California public school employees would be fully paid for at least six weeks during their maternity leave under a bill moving through the California Legislature.
In a move that would apply to those working for school districts and community colleges, pregnant certificated, academic and classified employees would not need to spend their accrued leave to compensate for those days. The measure passed the state Assembly on Monday and will next be considered in the state Senate.
“It is very hard on your personal life if you are pregnant and have to dip into personal savings,” said John Vigna, spokesperson for the author, Assemblywoman Lorena Gonzalez Fletcher, D-San Diego. “If you are a woman and you want to be a teacher, you shouldn’t have to take a hit when you are pregnant.”
Why school employees? Current teacher shortages in California have led school districts to offer subsidized housing or signing bonuses to lure them. Advocates say the bill would help attract school employees and keep them in the workforce.
Digital Access for only $0.99
For the most comprehensive local coverage, subscribe today.
“It’s a tough time right now, and anything we can do to support women and family in the profession is a good thing,” said Eric Heins, president of the California Teachers Association. “This bill will be an incentive for young people to come into this profession.”
Like California state workers, many school workers are entitled to use their remaining sick time to be paid during their job-protected maternity leave. Once the accrued leave is exhausted, they are eligible for differential pay for the remainder of the childbirth absence. If the bill became law, school districts would be solely responsible for paying extra wages to their pregnant employees without additional help from the state government.
Those opposed consider the bill a financial burden to school districts already operating with tight budgets. The California Association of School Business Officials agrees with the author’s intent but says the state should participate in funding the estimated costs.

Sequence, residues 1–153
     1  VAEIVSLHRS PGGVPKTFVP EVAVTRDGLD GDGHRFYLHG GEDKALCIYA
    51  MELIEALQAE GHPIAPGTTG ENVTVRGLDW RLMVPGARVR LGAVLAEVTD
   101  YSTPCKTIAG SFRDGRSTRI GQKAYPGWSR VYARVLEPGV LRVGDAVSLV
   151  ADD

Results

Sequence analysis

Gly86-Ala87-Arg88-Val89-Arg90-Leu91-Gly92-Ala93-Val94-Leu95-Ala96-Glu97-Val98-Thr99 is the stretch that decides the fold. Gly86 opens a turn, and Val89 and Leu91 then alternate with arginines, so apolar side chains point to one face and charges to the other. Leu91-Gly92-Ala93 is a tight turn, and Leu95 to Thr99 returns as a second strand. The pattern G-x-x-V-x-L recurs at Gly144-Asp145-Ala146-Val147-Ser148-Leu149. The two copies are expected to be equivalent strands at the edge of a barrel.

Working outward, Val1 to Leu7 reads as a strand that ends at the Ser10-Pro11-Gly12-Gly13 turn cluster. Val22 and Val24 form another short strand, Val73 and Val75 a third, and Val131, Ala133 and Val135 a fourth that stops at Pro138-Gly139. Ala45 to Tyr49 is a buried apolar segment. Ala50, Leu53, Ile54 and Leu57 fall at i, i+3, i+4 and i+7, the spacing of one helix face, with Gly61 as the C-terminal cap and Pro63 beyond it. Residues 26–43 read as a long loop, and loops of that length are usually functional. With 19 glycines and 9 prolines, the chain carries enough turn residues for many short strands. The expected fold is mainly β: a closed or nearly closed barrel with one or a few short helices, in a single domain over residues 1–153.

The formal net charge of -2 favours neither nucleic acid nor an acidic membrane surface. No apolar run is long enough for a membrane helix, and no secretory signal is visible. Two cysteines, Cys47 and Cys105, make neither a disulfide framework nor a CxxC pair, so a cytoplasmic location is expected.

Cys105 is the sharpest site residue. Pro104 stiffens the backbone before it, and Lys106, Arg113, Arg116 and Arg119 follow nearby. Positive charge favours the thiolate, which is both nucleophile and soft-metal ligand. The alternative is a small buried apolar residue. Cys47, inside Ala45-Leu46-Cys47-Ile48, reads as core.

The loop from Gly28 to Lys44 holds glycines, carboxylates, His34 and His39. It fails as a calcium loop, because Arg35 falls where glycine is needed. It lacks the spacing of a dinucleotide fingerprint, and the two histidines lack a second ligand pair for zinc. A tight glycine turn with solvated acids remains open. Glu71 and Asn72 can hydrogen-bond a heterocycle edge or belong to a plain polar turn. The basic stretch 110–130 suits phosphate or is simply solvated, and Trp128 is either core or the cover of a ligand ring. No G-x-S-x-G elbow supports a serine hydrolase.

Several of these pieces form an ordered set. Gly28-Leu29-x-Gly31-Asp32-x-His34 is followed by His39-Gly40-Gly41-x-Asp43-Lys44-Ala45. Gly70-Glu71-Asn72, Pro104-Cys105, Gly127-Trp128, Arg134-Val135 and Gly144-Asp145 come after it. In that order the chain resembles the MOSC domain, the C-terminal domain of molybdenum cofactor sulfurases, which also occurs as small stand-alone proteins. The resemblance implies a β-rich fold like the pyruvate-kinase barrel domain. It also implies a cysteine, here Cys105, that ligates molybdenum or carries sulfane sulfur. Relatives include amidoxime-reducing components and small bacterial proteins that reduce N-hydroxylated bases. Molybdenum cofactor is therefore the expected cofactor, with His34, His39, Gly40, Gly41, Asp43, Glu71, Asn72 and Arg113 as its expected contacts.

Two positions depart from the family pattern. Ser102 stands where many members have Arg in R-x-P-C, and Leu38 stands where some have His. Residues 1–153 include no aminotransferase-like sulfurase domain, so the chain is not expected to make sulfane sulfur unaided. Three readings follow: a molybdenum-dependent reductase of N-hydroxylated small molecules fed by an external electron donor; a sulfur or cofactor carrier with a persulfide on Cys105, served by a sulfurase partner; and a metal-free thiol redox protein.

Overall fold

“The teacher shortage stems from the perception that working for a school district is not a stable work environment,” said Molly McGee Hewitt, president of CASBO. “Schools need funding stability at the state level, with less constraints to school financing, in order to avoid sending layoff notices.”
Sacramento-area school district officials said they didn’t anticipate that costs to districts would be large. They said they already bear some costs for maternity leaves by complying with the Family Medical Leave Act and California Family Rights Act.
“It’s hard to predict the impact of the bill because we don’t know what amendments it would take at the state Senate,” said Maria Lopez, spokesperson for Sacramento City Unified School District. “This doesn’t seem like it would cost us enormously, but there are two big ‘if’s before we can have a firm sense.”
About 50 female employees among a total of 8,000 employees leave work due to pregnancy in the Sacramento City Unified School District every year, and the impact should be minimal enough to handle adjustments, Lopez said.
The bill’s passage also would mean changes at California community colleges. Los Rios Community College District, which controls American River College, Cosumnes River College, Folsom Lake College and Sacramento City College, currently allows its employees about 18 weeks of maternity leave and requires them to use accrued leave for payment.
“We’ve been working in a direction of providing leave to faculty and staff in various forms, but when you look it, national support for paid pregnancy leave has been growing,” said Austin Webster, spokesperson for Faculty Association of California Community Colleges. “The vast majority of faculty are part time, so I don’t expect some mass amount of time and money being taken off due to pregnancies.”
According to the Community College League of California, however, the bill could hurt some California community college district budgets. State community colleges often aren’t prioritized for funding, and “permissive language” is needed for the districts to adequately serve their students, said Larry Galizio, the league’s president.
“We recognize the importance of the needed time to recover and bond for the child, that’s granted,” Galizio said. “Degree of flexibility is extremely important so that community colleges can collectively bargain at the local level.”
The United States is one of a few countries out of 193 countries in the United Nations that do not have a national paid parental leave law, according to an analysis by the World Policy Analysis Center at University of California Los Angeles. President Donald Trump’s daughter, Ivanka, proposed a paid leave program for all workers as part of the budget plan that Trump released Tuesday.